World Health Assembly (W.H.A) plans on ending covid 19 for the new pandemic

In a year when COVID-19 undermines the wellbeing and health of everybody in the world, the seventy-fourth meeting of the World Health Assembly (WHA) will pressure the direness of finishing the current pandemic and forestalling the following one by building a better, more secure and more pleasant world.

The Health Assembly is WHO’s highest decision-making body and is attended by delegations from all around the world. It will also be open to Associate Members, Observers, invited representatives of the UN and other participating inter-governmental organizations, and non-State actors. This year’s session will run from 24 May to 1 June 2021, and be held virtually.

Over the past year, cases of COVID-19 rose 40-fold to 162 million globally, while the number of deaths has increased 11 times, to more than 3.3 million.

The pandemic has hit all countries hard, but its impact has been harshest on those communities which were already vulnerable, who are more exposed to the disease, less likely to have access to quality health care services and more likely to experience adverse consequences (such as loss of income) as a result of measures implemented to contain the pandemic.

“A crisis often brings out the best in people and organisations,” said WHO Director-General Dr Tedros Adhanom Ghebreyesus. “From the WHO Strategic Preparedness and Response Plan to our technical guidance, the Solidarity Trial, the UN Supply Chain Task Force, the OpenWHO.org learning platform and initiatives like the Access to COVID-19 Tools Accelerator, including its COVAX partnership, and the Solidarity Response Fund, WHO has given countries effective and evidence-informed tools to prevent infections, save lives and maintain essential health services. I am especially proud of the incredible work that WHO staff have done all over the world in the past 17 months to support countries to put these tools to work.”

But the pandemic is far from over and the global response is at a critical phase. Stark contrasts still undermine progress, with vaccine inequity being one of the most urgent issues, posing a threat to ending the pandemic and to global recovery – over 75% of all vaccine doses have been administered in only 10 countries; the lowest income countries have administered less than half a percent of global doses.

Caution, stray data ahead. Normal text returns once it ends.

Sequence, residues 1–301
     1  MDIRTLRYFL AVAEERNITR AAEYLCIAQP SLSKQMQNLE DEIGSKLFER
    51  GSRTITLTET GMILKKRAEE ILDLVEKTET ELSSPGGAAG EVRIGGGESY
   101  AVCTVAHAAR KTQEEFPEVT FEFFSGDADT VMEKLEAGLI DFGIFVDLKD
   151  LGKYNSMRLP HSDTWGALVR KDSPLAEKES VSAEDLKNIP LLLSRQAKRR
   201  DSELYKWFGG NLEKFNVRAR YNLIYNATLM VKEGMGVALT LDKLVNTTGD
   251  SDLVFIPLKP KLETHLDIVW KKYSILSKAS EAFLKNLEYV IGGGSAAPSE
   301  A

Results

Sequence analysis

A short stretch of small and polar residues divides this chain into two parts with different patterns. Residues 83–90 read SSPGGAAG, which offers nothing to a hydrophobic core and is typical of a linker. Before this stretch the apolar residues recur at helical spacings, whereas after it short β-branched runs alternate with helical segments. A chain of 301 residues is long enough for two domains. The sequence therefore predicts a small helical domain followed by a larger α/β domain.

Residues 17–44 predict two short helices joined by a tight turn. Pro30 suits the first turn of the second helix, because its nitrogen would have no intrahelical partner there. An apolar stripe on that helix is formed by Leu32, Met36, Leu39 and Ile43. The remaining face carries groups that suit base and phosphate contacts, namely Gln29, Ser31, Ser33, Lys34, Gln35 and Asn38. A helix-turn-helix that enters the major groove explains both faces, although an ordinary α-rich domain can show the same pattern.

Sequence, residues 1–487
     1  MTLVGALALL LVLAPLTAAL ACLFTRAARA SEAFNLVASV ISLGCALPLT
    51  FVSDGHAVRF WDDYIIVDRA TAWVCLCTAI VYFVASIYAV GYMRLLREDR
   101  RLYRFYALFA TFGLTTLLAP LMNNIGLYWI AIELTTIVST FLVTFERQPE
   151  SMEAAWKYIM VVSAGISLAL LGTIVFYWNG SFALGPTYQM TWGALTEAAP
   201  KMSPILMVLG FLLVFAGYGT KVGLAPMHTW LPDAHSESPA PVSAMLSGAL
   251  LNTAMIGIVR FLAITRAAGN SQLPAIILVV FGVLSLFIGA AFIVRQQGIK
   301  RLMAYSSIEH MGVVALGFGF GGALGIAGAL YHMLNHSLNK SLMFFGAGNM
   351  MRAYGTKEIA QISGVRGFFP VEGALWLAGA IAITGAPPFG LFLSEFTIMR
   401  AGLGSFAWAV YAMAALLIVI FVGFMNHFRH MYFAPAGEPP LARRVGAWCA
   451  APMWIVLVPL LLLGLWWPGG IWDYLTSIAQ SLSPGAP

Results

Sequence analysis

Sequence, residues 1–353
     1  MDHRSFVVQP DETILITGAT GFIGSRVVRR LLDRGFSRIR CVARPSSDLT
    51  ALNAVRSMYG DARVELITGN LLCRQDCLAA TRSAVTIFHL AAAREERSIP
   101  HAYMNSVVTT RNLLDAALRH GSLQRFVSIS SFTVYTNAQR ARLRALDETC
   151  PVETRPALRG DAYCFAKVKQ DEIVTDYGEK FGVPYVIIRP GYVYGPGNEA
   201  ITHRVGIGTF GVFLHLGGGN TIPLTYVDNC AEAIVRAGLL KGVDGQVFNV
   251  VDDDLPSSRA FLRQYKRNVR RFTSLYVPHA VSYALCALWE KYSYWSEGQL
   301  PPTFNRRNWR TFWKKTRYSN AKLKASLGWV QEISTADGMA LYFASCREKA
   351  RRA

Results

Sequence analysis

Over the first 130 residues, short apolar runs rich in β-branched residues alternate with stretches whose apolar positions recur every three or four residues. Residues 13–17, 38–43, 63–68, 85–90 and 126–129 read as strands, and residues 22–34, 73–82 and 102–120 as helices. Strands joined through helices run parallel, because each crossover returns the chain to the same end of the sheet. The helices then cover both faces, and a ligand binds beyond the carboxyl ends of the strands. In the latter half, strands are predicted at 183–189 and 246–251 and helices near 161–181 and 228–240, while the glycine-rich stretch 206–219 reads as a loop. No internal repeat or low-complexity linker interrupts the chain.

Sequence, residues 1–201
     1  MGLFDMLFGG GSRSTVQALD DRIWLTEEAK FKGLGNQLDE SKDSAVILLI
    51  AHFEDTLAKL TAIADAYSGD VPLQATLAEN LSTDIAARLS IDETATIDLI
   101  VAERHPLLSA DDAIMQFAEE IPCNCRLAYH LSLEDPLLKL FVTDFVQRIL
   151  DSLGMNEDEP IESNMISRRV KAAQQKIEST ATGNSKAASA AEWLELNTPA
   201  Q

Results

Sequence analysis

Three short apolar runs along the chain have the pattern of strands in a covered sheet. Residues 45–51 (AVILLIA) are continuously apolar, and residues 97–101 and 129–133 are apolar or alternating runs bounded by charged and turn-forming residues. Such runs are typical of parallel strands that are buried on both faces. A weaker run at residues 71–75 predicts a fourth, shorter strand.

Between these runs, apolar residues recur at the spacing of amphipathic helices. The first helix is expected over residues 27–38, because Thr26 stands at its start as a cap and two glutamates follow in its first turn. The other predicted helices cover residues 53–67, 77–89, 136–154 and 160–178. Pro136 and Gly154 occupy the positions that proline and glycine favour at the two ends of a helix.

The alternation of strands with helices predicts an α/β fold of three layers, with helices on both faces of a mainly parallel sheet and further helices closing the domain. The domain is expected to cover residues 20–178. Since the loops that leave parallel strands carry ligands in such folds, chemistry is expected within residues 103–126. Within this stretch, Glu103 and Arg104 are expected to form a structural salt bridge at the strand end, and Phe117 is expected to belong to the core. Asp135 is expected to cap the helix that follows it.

“This year’s World Health Assembly will play a vital role in shaping the global health architecture of the future, and in strengthening WHO to fulfil its mission and mandate”, added Dr Tedros.

The Assembly’s agenda will focus on the health-related Sustainable Development Goals and WHO’s Triple Billion targets of one billion more people benefitting from universal health coverage; one billion more better protected from health emergencies; and one billion more enjoying better health and well-being.

WHO’s results report, will also be presented during WHA.

A high-level segment will take place on 24 May (10:00 -12:00 CEST) with participation from Heads of State and Governments and special guests, as well as an address by the WHO Director-General.

The Assembly’s two Committees – Committee A, which deals with predominantly programme and budget matters and Committee B, which deals mainly with administrative, financial and legal matters – will then consider the individual agenda items. Highlights include:

  • Proposed programme budget 2022–2023
  • WHO’s work in Health Emergencies, the COVID-19 response, including mental health preparedness for and response to the COVID-19 pandemic
  • Global strategy and plan of action on public health, innovation and intellectual property
  • Global action on patient safety
  • WHO global strategy on health, environment and climate change
  • Noncommunicable diseases
  • Antimicrobial resistance
  • Immunization Agenda 2030
  • Health in the 2030 Agenda for Sustainable Development
  • Global Strategic Directions for Nursing and Midwifery
  • Poliomyelitis
  • WHO transformation

Three reports on COVID-19 response will be presented at the Assembly: the Health Emergencies Programme’s Independent Oversight and Advisory Committee (IOAC), the Independent Panel for Pandemic Preparedness and Response and the Review Committee on the Functioning of the International Health Regulations (2005) during the COVID-19 Response.

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